Tonic Review Series: Fentimans

This weeks tonic water is brought to you by……. Fentimans! Ok, enough with the cheesy TV introduction. Let’s get onto the important stuff!

Fentimans have a long history of providing top quality soft drinks and mixers. I first remember coming across them as a child when I became obsessed with their ginger beer. In fact, it was their ginger beer that began the company in 1905.

In 1905, Thomas Fentiman, and iron puddler from Cleckheaton, England was approached by a fellow tradesman for a loan. A deal was struck and a recipe for botanically brewed ginger beer was provided as security. The loan was never repaid so Thomas became the owner of the unique recipe.

3Some time after this, Thomas began producing the ginger beer and selling it door to door, using a horse and cart as transport. He stored the produce in stone jars, which were known as ‘Grey Hens’ and featured an image of Thomas’ pet dog, ‘Fearless’, who interestingly enough had won the Crufts obedience class in 1933 and 1934. The brand quickly established itself and over time, further factories opened in the North of England as the family business went from strength to strength.

In today’s ever changing world, you won’t be surprised to know that the produce isn’t sold from the back of a horse and cart! Fentimans produce an array of different products, from traditional soft drinks such as ginger beer, cola and dandelion and burdock through to pre-mixed alcoholic drinks and craft beer.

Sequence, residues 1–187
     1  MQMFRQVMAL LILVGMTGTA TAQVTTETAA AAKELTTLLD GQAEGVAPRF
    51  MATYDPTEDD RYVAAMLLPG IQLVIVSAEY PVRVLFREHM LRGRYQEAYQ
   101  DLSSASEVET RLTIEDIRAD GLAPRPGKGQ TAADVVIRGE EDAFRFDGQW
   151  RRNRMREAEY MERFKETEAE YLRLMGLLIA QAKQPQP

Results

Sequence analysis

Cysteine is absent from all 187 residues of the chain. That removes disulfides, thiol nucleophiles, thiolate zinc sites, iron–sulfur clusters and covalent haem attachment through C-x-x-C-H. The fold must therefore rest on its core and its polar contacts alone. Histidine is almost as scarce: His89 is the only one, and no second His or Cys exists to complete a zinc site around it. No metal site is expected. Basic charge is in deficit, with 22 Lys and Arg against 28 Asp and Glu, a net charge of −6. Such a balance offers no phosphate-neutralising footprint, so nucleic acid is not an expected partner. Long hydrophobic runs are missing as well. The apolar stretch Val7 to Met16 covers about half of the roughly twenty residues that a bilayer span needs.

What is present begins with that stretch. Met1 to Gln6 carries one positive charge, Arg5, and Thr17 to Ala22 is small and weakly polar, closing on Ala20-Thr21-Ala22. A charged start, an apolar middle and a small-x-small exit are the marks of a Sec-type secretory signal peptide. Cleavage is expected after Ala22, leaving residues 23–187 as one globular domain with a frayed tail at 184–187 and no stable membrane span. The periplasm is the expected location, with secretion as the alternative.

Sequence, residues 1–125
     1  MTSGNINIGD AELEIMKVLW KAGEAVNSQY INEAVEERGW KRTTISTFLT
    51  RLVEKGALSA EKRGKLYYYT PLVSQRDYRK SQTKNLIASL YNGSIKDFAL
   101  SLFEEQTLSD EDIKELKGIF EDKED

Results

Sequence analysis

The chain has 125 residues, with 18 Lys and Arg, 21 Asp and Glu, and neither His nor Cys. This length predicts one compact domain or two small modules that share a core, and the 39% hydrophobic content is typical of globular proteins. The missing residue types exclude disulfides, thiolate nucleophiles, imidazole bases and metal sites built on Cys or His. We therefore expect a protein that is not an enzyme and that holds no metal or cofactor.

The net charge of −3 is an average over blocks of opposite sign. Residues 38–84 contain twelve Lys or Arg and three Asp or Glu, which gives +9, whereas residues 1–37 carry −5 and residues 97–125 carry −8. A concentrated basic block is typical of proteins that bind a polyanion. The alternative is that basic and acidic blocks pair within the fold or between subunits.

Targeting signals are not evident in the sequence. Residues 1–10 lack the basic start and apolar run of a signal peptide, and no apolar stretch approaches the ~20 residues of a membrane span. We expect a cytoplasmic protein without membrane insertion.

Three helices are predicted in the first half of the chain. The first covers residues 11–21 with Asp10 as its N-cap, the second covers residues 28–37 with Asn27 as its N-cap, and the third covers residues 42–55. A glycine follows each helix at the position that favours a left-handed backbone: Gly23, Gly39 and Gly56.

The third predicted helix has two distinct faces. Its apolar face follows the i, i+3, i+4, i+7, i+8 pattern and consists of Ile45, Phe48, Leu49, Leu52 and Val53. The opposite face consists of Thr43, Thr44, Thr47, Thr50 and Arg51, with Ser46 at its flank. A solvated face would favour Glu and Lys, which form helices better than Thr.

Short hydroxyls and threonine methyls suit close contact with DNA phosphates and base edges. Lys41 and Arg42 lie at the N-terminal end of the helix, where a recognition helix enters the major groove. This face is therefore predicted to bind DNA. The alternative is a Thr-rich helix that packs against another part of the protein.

Our focus is of course on their mixer range, and specifically their tonic water. Interestingly, they also offer a light tonic water and a herbal tonic, which we hope to profile in a future review.

1

The old school nature of the green bottle and old fashioned label is simple and effective. I like the fact that they reference their history in this way and vintage is very in these days. The bottle itself features embossed ‘1905’ and ‘botanically brewed’. The bottle top features ‘Fearless’ himself.

 

Their tonic water features a number of botanicals together with quinine, which are as listed as follows:

  • Juniper Berry
  • Kaffir Lime Leaves
  • Orris Root
  • Lemon Grass

Smell: You get a strong hit of lemon, together with hints of juniper.

Taste: Wow! Lemon. Lots and lots of lemon. Dare I say it, too much lemon. This is quite a sweet tonic water and in some ways closer to a ‘posh lemonade’. The quinine is there along with a little bitterness.

In a G&T: What a difference a gin makes! This becomes a totally different beast in the hands of a gin. I went for Boodles and the heavier nature of the gin really made this a pleasant drink. I would definitely recommend not adding any citrus garnish with this tonic as it is not needed.

After tasting this tonic on its own, I was quite dubious. The heavy lemon nature of it really makes you wonder if you’re drinking tonic water, but as I found out, it is very pleasing with the right gin. I later tried this with Hendricks and some cucumber and it stood up to the test of a lighter gin very well indeed.

This will tonic will probably not be for traditionalists, but I can certainly see some great combinations if you are prepared to do a bit of experimenting! I also think this would be a great choice of tonic for newer gin drinkers or those that prefer less quinine.

Finally, Fentimans has a fantastic website with lots of great content. Give them a look at www.fentimans.com

1 Comment

Leave a Comment